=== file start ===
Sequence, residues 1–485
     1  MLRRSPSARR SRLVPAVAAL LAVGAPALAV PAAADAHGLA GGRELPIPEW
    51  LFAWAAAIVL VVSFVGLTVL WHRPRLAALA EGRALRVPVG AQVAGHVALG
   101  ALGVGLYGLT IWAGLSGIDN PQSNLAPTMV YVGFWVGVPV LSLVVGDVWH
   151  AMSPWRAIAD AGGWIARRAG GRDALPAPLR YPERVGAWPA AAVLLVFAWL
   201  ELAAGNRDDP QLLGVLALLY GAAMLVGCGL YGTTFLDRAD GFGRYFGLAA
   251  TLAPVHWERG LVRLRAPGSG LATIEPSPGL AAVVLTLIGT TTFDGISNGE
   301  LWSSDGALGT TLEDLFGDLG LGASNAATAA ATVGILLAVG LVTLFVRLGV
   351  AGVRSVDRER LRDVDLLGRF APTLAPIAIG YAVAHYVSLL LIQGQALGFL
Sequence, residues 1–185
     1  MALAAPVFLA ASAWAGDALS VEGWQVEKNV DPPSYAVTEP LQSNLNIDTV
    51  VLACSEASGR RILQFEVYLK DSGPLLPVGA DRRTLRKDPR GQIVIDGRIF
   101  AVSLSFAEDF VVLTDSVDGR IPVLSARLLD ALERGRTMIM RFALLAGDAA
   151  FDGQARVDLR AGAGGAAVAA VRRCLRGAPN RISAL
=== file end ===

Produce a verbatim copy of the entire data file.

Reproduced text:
Sequence, residues 1–485
     1  MLRRSPSARR SRLVPAVAAL LAVGAPALAV PAAADAHGLA GGRELPIPEW
    51  LFAWAAAIVL VVSFVGLTVL WHRPRLAALA EGRALRVPVG AQVAGHVALG
   101  ALGVGLYGLT IWAGLSGIDN PQSNLAPTMV YVGFWVGVPV LSLVVGDVWH
   151  AMSPWRAIAD AGGWIARRAG GRDALPAPLR YPERVGAWPA AAVLLVFAWL
   201  ELAAGNRDDP QLLGVLALLY GAAMLVGCGL YGTTFLDRAD GFGRYFGLAA
   251  TLAPVHWERG LVRLRAPGSG LATIEPSPGL AAVVLTLIGT TTFDGISNGE
   301  LWSSDGALGT TLEDLFGDLG LGASNAATAA ATVGILLAVG LVTLFVRLGV
   351  AGVRSVDRER LRDVDLLGRF APTLAPIAIG YAVAHYVSLL LIQGQALGFL
Sequence, residues 1–185
     1  MALAAPVFLA ASAWAGDALS VEGWQVEKNV DPPSYAVTEP LQSNLNIDTV
    51  VLACSEASGR RILQFEVYLK DSGPLLPVGA DRRTLRKDPR GQIVIDGRIF
   101  AVSLSFAEDF VVLTDSVDGR IPVLSARLLD ALERGRTMIM RFALLAGDAA
   151  FDGQARVDLR AGAGGAAVAA VRRCLRGAPN RISAL